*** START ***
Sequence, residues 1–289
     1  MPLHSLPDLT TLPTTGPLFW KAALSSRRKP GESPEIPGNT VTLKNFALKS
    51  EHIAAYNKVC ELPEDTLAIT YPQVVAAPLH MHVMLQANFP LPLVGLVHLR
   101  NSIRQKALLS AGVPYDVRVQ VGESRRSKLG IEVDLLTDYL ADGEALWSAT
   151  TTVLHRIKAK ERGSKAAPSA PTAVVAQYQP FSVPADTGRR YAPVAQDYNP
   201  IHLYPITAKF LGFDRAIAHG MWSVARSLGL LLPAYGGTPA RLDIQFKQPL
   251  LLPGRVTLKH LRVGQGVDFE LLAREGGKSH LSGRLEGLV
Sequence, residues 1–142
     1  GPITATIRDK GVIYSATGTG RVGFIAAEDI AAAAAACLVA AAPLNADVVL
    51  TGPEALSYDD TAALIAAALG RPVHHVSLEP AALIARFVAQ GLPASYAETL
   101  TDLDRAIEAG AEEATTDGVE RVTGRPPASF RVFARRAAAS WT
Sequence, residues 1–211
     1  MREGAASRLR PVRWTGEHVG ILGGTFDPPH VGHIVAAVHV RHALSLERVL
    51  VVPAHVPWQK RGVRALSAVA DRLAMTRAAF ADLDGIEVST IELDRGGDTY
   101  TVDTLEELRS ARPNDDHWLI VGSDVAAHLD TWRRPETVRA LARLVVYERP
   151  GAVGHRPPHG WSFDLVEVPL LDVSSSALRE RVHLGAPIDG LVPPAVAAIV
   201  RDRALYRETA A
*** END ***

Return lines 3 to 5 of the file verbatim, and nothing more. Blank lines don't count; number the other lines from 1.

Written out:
    51  EHIAAYNKVC ELPEDTLAIT YPQVVAAPLH MHVMLQANFP LPLVGLVHLR
   101  NSIRQKALLS AGVPYDVRVQ VGESRRSKLG IEVDLLTDYL ADGEALWSAT
   151  TTVLHRIKAK ERGSKAAPSA PTAVVAQYQP FSVPADTGRR YAPVAQDYNP